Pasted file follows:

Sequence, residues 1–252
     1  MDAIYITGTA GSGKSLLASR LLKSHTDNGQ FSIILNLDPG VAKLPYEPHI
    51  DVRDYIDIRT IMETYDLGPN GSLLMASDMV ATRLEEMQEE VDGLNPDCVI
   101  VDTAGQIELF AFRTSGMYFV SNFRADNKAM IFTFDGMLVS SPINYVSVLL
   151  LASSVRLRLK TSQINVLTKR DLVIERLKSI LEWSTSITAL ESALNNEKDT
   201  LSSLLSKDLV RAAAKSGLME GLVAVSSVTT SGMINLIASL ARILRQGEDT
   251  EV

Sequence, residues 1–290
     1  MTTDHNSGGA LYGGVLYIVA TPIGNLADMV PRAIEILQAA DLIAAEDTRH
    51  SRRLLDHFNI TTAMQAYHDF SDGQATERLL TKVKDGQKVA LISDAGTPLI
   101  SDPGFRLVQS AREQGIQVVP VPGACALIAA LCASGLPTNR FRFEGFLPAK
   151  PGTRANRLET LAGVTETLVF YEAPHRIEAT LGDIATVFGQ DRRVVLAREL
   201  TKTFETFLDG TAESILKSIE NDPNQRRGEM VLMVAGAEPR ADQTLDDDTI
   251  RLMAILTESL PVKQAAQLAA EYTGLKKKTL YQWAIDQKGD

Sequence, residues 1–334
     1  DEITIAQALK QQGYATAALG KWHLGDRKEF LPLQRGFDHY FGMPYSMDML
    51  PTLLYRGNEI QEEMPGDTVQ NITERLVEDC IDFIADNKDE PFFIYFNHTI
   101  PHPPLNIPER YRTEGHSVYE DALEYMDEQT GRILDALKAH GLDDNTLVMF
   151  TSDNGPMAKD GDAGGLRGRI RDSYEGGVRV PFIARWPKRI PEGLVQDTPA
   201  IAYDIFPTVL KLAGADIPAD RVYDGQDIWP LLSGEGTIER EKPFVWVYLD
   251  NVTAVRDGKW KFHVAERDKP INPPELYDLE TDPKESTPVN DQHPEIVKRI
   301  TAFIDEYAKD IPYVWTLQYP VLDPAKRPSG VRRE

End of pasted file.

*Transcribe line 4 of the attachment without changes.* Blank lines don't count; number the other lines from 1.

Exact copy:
   101  VDTAGQIELF AFRTSGMYFV SNFRADNKAM IFTFDGMLVS SPINYVSVLL